DEFIBRILLATING KONKANI CINEMA
By Sachin Chatte
To pick up from where I left in yesterday’s column, Konkani cinema has had its share of ups and downs, but mostly a flat line. It would be unfair to call it a ‘film industry’ because it is not an organized sector. Most of the film makers and producers are on their own, making films out of love and passion for cinema. The Entertainment Society of Goa is doing its bit to bring them under one umbrella, with its guide to the Goan film fraternity.
The first Konkani film Mogacho Anvddo was released in 1950, and even though there were films made intermittently, there were only four significant ones in the next half a century – the other notable ones being Amchem Noxib (1963), Nirmon (1966), and Bhuierantlo Munis (1977) which was the first color film in Konkani.
Thanks to VHS and single-screen theatres that were not in the best shape, the 80s and 90s weren’t kind to cinema, and Konkani films were no different. The revival only happened after IFFI moved to Goa in 2004 and subsequently Aleesha (2004), Antarnaad (2006), Sawariya (2009), Paltadacho Munis (2009), O’ Maria (2010), Digant (2012), Baga Beach (2013), Nachom-ia-Kumpasar (2014), A Rainy Day (2014), K Sera Sera (2016), and Juze (2017) made it to the Indian Panorama at IFFI. For a state that has a population of just 15 lakhs, the majority of whom live in the hinterland, that is an impressive number of films, especially if you consider the fact that there is probably a much better chance of getting lucky at the notoriously crooked casinos floating on the Mandovi River, than expecting to break even after investing money in producing a film.
For the last few years, there has been an unofficial section at IFFI for Konkani and Marathi films. One could argue either way whether there should be such a section or not but it does serve as a boost for local filmmakers. This year, only two short films could make the cut, both made by young filmmakers – a student of Satyajit Ray Film & Television Institute (SRFTI) Suyash Kamat’s Written In The Corners and Shinvar by Manguirish Bandodkar, who studied at the Panjim-based Vinsan Academy.
With technology at their disposal, it has become easier to make low budget films but all the stakeholders agree that more needs to be done on several counts. How can one encourage young filmmakers to start making short films? In fact, before that, how can the state help aspiring filmmakers to study film-making given that barring the government institutes like FTII, it is not a cheap affair. Presently, the Art and Culture department gives scholarships to some students but there is no specific scheme related to films – their scholarships are for art, across the board.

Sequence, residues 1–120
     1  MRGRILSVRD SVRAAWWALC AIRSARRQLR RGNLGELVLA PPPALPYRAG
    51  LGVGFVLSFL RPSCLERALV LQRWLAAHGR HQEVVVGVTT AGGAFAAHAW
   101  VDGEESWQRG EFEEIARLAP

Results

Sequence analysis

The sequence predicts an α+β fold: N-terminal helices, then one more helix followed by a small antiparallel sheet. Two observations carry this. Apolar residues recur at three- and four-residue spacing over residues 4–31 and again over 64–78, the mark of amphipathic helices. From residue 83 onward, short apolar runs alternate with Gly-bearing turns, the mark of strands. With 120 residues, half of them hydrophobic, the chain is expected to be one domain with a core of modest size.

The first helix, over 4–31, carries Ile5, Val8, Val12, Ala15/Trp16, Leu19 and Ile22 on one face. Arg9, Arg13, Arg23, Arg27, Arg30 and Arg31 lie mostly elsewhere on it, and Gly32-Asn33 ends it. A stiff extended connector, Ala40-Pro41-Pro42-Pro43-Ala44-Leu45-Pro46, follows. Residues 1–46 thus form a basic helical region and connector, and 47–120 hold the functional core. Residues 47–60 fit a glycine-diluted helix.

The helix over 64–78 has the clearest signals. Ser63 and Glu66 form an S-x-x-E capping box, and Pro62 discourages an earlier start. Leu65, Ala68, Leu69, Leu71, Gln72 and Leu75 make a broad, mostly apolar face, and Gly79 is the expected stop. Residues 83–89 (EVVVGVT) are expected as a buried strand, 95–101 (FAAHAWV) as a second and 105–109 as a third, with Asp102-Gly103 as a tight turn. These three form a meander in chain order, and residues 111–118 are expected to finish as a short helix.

Once they learn filmmaking, they should also be encouraged to make short films, to start with. A small fund of say Rs25 lakhs a year, which is a minuscule amount compared to the IFFI budget, could be set aside for young and deserving filmmakers to make 4-5 short films every year. Any aspiring filmmaker in the state will tell you that a pittance sum of Rs.5 lakhs would be akin to a king’s ransom to make a short film.
There is a Film Finance scheme run by the government, but in its present avatar, the money (50% or 50 lakhs, whichever is lower) to the producer comes a good year or two after making the film. The problem there is pretty evident – you need extremely deep pockets to get involved in the business of movies.
The government could consider something on the lines of a Film Development Corporation, run by the Entertainment Society of Goa, where they shortlist scripts, mentor them and help produce a film, all done professionally at a minimum cost.
Once a film is made, it is up to the audience to patronize and support it. That sadly doesn’t happen a lot. Only a once in lifetime film like Nachom-ia-Kumpasar (2014) gets a repeat audience, which is an exception to the rule. Most Konkani films are barely seen by 2-3% of the population. If that number goes up, to say 8-10% of Goans watching Konkani films, it will be a game-changer for Goan cinema. Here’s hoping for a better future for our home state’s cinema.